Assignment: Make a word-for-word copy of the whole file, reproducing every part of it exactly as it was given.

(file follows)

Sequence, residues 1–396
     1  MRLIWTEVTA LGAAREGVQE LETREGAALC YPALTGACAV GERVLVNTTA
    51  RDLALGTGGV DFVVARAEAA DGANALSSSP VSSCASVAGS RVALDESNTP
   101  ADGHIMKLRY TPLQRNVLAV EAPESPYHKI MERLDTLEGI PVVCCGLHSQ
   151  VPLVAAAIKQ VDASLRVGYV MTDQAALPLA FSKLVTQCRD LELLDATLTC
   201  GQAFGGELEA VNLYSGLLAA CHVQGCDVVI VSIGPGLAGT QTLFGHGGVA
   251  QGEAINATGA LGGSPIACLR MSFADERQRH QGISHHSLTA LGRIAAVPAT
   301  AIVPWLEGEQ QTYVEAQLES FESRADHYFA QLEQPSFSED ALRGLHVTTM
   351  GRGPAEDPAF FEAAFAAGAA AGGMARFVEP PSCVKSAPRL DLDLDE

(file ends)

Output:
Sequence, residues 1–396
     1  MRLIWTEVTA LGAAREGVQE LETREGAALC YPALTGACAV GERVLVNTTA
    51  RDLALGTGGV DFVVARAEAA DGANALSSSP VSSCASVAGS RVALDESNTP
   101  ADGHIMKLRY TPLQRNVLAV EAPESPYHKI MERLDTLEGI PVVCCGLHSQ
   151  VPLVAAAIKQ VDASLRVGYV MTDQAALPLA FSKLVTQCRD LELLDATLTC
   201  GQAFGGELEA VNLYSGLLAA CHVQGCDVVI VSIGPGLAGT QTLFGHGGVA
   251  QGEAINATGA LGGSPIACLR MSFADERQRH QGISHHSLTA LGRIAAVPAT
   301  AIVPWLEGEQ QTYVEAQLES FESRADHYFA QLEQPSFSED ALRGLHVTTM
   351  GRGPAEDPAF FEAAFAAGAA AGGMARFVEP PSCVKSAPRL DLDLDE